Thus just a few days ago, Reason Mag’s Steven Greenhut penned a broadside against anyone who refused the pro-war Langley talking points on the conflict, titled, clunkily, “Opposing War With Russia Doesn’t Require Excusing Putin’s Aggression.”
The content is pretty predictable with a title like that, but here’s a synopsis:
Greenhut is dismayed by the lack of “moral clarity” (which itself is a copyrighted neocon phrase – look it up) among some libertarians because they have insufficiently, in his view, adopted the talking points of literally every mainstream media outlet from Fox to CNN about the conflict.
In fact, Greenhut has the gall to demonize some of the same paleocon/libertarian writers who were attacked by Frum – but proven right by history!
Thus Lew Rockwell is derided as “er, libertarian ‘anti-war'” for featuring a piece by Paul Craig Roberts that accurately pointed out that if Russia had adopted US tactics and gone in for full scorched earth in Ukraine the conflict would have been over very quickly thus reducing the possibility for a wider war, as we are seeing today.
As we read in Newsweek, the US dropped as many bombs on Iraq on the first day as the Russians have dropped on Ukraine in 24 days:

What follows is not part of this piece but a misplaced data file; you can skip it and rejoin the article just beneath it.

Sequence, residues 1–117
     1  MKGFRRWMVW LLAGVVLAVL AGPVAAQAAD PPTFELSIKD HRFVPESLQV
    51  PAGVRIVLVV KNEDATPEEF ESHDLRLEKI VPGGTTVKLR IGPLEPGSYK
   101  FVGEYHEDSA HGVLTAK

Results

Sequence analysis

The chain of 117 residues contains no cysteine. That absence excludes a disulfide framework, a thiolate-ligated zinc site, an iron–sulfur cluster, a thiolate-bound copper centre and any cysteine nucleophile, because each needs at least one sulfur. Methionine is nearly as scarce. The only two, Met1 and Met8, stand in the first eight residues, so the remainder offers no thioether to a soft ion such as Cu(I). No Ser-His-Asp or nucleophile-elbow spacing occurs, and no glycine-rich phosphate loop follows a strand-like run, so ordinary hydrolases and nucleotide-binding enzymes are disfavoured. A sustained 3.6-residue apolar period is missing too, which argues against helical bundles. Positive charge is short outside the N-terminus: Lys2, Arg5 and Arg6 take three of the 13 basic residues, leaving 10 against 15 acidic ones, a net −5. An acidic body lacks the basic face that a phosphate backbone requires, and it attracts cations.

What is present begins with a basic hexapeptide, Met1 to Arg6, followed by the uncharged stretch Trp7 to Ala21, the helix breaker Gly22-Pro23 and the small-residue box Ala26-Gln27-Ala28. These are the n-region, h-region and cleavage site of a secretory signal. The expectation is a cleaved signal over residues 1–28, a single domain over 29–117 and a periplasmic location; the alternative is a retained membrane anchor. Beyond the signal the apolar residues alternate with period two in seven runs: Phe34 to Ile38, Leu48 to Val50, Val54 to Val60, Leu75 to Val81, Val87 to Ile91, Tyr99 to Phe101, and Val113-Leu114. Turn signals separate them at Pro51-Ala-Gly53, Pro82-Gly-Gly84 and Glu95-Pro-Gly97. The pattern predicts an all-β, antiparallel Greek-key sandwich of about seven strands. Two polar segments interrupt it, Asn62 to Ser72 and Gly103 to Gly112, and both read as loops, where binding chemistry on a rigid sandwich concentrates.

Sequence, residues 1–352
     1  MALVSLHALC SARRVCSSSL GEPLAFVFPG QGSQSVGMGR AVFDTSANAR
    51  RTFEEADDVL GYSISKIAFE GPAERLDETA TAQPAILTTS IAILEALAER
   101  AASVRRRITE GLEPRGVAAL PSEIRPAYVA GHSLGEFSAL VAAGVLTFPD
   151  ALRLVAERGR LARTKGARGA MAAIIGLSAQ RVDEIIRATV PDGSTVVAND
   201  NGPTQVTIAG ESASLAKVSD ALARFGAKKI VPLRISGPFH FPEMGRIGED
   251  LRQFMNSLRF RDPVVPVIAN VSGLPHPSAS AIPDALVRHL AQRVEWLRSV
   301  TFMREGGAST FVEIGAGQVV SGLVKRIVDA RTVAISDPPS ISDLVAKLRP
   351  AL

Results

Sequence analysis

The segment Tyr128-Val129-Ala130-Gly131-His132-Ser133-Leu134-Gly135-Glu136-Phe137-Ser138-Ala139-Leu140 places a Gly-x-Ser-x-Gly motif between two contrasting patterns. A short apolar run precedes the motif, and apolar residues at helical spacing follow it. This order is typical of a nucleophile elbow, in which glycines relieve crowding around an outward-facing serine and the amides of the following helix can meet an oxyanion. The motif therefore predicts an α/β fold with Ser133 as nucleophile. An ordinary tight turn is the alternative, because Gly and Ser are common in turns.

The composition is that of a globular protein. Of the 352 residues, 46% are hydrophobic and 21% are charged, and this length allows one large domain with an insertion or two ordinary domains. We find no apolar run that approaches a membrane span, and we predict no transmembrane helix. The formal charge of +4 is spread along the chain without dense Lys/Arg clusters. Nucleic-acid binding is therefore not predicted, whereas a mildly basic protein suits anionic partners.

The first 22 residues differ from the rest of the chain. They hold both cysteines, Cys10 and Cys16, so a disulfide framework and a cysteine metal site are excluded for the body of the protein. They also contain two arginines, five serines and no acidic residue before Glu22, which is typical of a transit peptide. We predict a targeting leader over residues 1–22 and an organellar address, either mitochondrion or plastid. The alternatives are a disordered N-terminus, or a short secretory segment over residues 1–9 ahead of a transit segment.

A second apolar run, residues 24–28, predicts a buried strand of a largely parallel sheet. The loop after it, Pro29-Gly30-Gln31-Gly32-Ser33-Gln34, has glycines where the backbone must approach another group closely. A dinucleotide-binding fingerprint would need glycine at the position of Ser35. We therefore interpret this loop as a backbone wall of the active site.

As of the past weekend, in 24 days of conflict, Russia has flown some 1,400 strike sorties and delivered almost 1,000 missiles (by contrast, the United States flew more sorties and delivered more weapons in the first day of the 2003 Iraq war).
Surely a quick strike, leveling Ukraine as the US leveled Fallujah and Sirte and much of Baghdad would have rapidly established facts on the ground and we would not be reading about insane Polish proposals to send NATO “peacekeepers” into Ukraine.
Similarly, Pat Buchanan (who founded an entire magazine to push back against Frum and the neocon comrades) is attacked by Greenhut for making the accurate observation that Russian President Putin is, “a Russian nationalist, patriot, traditionalist and a cold and ruthless realist looking out to preserve Russia as the great and respected power it once was and he believes it can be again.”